[T]he religious extremist is most likely a right-wing Christian. And the shooter had help. He had help from an entire movement that has carelessly labeled abortion as "murder" and "baby-killing." Killing abortion providers flows logically from the moment you call abortion "murder" and this labeling has to stop. Now.There are actually a few more pesky factual matters here -- for example, there's no evidence in any of the recent interviews conducted with family and neighbors to indicate that this guy was a "religious extremist," or even "religious," let alone "right wing" or even a Christian. But we'll leave all that too.
Am I a Christian? You bet. Have I read the Bible? Many times, and carefully. Graduated from Yale Divinity School with a Masters in Divinity. Ordained in the ministry in 1982, in the United Church of Christ. Still an active member of the church. Jesus never said a word about abortion, and the only way anti-choice activists twist the Bible to their side is to take a few lines from a Psalm or a few words about "spilling seed" out of context. There are entire books debunking the pro-life movement as resting on shaky theological grounds, so I won't waste time recapping all the arguments here.
Jesus never said anything about abortion. However, the objection to abortion does not stand on any obscure theology or any strange passages about 'spilling seed.' It's about the killing of a human being.
The appellation "baby-killing" is not some sort of weird locution: it involves killing a human being at a stage of development that, were the child wanted by his or her mother, we would have no problem identifying as a baby. We would say, and do say, "When is the baby due?" or "Have you decided what to name the baby?" It's only when mother has decided to kill her baby that we are told that we can only describe it using clinical language designed to mask the humanity of the creature being killed.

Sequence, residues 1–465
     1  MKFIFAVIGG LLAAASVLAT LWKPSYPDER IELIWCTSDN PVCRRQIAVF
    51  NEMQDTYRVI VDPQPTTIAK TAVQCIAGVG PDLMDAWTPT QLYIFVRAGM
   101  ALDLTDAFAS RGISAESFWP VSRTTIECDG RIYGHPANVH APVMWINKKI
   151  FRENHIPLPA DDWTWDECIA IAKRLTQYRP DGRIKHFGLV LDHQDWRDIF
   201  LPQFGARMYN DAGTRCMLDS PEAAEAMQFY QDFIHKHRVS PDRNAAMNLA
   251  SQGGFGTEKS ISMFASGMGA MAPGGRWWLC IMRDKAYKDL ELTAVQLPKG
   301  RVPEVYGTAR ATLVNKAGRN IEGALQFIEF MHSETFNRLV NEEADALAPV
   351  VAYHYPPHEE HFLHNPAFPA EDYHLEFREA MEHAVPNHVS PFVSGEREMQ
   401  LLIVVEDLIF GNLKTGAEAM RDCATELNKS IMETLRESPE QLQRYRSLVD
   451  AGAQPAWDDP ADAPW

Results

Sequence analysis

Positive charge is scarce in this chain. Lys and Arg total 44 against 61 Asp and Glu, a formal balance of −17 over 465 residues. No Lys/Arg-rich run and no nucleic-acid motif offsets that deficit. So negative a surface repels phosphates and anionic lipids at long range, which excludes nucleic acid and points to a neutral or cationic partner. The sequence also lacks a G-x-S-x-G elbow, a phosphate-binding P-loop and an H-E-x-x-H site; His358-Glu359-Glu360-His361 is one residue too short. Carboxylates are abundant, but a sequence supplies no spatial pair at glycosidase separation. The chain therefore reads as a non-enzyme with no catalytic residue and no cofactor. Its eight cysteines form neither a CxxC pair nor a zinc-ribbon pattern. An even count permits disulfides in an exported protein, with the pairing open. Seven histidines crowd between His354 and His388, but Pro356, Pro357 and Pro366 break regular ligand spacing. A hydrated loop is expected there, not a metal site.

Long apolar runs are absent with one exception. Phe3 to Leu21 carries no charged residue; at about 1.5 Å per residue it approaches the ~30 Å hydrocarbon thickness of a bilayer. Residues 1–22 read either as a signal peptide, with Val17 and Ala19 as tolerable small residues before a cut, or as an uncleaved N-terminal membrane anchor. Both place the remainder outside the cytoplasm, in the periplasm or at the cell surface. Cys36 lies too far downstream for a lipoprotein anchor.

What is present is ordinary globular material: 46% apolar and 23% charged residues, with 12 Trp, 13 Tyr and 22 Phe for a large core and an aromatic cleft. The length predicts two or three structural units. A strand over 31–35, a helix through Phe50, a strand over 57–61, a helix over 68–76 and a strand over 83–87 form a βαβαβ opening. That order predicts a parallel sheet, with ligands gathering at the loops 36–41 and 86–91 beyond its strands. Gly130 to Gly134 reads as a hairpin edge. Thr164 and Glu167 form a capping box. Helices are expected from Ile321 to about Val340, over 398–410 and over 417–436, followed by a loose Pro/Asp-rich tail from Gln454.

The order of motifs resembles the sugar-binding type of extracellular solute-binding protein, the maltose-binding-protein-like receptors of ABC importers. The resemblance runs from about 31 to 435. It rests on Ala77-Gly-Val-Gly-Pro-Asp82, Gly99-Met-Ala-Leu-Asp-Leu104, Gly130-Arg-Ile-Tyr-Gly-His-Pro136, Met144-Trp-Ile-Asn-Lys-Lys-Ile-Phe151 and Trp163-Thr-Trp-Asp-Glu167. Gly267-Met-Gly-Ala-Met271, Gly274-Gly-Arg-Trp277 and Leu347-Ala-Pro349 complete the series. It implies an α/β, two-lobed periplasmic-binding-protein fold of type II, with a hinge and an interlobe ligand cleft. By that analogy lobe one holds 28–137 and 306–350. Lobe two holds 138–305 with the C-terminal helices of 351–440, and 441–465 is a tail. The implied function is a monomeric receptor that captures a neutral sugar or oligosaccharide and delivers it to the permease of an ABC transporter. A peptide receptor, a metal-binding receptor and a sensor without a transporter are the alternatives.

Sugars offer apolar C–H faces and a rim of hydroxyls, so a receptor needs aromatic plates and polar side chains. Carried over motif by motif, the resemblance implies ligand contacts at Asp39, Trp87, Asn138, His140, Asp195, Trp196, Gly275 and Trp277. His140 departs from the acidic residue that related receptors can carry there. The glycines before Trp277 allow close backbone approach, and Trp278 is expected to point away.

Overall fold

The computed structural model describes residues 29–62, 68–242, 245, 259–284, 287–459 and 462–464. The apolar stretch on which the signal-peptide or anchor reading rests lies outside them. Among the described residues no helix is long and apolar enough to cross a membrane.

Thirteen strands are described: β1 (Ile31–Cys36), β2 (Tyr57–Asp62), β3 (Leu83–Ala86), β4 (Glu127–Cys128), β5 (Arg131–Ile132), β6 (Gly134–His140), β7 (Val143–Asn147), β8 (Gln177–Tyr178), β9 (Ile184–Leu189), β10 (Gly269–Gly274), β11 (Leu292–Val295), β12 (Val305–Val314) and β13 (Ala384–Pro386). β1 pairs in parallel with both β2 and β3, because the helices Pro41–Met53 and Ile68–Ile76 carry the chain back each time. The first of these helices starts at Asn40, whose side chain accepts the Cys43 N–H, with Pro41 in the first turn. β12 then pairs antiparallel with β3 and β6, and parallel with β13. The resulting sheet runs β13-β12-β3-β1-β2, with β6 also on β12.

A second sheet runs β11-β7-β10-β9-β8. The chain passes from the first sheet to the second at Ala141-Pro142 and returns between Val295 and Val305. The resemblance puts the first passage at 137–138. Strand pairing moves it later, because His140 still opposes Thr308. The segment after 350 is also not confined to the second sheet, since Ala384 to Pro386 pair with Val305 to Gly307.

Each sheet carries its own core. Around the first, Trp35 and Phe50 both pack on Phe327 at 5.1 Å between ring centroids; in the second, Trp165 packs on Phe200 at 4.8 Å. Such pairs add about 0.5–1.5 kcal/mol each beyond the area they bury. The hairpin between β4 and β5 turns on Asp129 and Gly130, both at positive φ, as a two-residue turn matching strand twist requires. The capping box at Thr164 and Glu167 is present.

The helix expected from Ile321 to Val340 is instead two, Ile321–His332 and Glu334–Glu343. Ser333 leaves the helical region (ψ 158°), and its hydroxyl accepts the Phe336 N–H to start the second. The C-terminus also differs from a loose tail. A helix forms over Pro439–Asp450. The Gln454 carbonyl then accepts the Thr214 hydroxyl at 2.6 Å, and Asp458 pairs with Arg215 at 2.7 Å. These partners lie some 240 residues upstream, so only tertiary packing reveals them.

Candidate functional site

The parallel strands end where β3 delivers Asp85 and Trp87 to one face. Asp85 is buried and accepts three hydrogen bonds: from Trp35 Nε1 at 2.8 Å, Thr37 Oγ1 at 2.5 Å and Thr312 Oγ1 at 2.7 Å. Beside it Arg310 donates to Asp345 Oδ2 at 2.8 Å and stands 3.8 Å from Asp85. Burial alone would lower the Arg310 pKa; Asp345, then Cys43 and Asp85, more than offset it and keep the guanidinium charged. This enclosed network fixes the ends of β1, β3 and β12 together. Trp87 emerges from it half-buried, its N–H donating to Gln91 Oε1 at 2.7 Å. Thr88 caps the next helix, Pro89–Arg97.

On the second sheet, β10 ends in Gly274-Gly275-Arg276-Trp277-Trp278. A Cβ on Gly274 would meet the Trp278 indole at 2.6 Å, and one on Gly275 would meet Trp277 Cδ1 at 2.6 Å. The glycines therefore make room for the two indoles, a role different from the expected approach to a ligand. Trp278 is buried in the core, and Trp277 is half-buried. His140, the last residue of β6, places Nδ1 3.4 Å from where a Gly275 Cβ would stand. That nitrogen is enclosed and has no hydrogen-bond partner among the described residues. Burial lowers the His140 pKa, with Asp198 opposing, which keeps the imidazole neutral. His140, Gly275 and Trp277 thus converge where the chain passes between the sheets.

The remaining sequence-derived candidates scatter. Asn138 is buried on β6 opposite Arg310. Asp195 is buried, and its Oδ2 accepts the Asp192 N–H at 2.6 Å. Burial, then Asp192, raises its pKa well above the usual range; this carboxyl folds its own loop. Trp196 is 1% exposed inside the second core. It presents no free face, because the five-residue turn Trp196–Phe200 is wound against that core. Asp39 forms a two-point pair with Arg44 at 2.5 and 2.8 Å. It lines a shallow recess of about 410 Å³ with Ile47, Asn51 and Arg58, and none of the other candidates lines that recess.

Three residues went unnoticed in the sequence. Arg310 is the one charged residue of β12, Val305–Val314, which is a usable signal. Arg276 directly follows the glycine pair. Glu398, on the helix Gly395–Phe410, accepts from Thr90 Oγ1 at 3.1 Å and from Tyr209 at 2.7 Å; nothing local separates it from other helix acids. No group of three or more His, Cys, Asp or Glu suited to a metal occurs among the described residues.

You may object to murder, since murder is defined in different ways by different people. The law doesn't consider this murder as murder is defined by the law -- a rather circular argument made worse given that the law often did treat it as a kind of murder until the Supreme Court overturned the laws of all fifty states. So we might well say that it is not murder in the technical sense of the word given to us on stone tablets from that famous bench in Washington, D.C.
Still, a commonplace definition of the word murder as it might be used by any ordinary person is this: "the intentional killing of an innocent human being." Let's run through the steps.
1) Is it intentional? Yes.
2) Is it a killing? Yes.
3) Is it a living being? Obviously it is, or it couldn't be killed.
4) Is the being to be killed innocent in the usual sense of the word "innocent"? Yes.
5) Is it human? It either is or it isn't. If it isn't, what kind of being would you say it was?
A more extended argument on that last point: to be a thing of a certain kind is to be structured in a certain way. A table is a thing that is structured in such a way as to be capable of holding objects off the floor. Artifacts like tables are structured by makers, who put them into a given order for a given purpose. Living things are different: they structure themselves out of other things they find in the world. They are their own purpose.
Now a given living thing -- say a fox or a dog or a hawk -- is not the stuff of which it is made. All of us have had dogs, I presume, and all of those dogs have grown from puppies, taking on more and more stuff from the world and putting it into the order that is themselves. The physical parts of themselves -- proteins, water -- are all exchanged over the course of their lives, but we recognize that it is still our dog. It's the activity of the ordering principle that is the life of the dog, and it is the order that is the dog. As long as it continues, we say that our dog is alive. When our dog dies, the ordering stops: though it may look like our dog for a while, it is no longer actively being put in order as a living thing.
The living, growing being is ordering the world as it encounters it into itself. Of course it is a human being: it is putting the world into a human order. It will remain a human being as long as this continues, even if she should live to be a hundred and one.
That's what you are killing.
I am no absolutist on this point. I understand that there are cases when the life of the mother will be lost, when there is a sense in which the child is not "innocent" and the killing is therefore not murder -- indeed, it might almost be morally obligatory. But these are a tiny minority of cases, as any honest observer will confess.
The language being used to describe these acts is not careless. It is dangerous because it is accurate. It is the right way to describe what we are allowing to happen all across our nation, using ordinary language as we would ordinarily use it.